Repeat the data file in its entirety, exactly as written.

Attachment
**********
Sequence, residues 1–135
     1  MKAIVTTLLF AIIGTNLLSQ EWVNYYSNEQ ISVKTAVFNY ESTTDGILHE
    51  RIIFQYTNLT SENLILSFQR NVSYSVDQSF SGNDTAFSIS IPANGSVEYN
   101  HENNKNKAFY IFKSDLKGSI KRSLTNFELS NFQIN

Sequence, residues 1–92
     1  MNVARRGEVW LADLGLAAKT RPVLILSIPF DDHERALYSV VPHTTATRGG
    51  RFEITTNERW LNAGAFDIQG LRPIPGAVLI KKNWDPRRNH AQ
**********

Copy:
Sequence, residues 1–135
     1  MKAIVTTLLF AIIGTNLLSQ EWVNYYSNEQ ISVKTAVFNY ESTTDGILHE
    51  RIIFQYTNLT SENLILSFQR NVSYSVDQSF SGNDTAFSIS IPANGSVEYN
   101  HENNKNKAFY IFKSDLKGSI KRSLTNFELS NFQIN

Sequence, residues 1–92
     1  MNVARRGEVW LADLGLAAKT RPVLILSIPF DDHERALYSV VPHTTATRGG
    51  RFEITTNERW LNAGAFDIQG LRPIPGAVLI KKNWDPRRNH AQ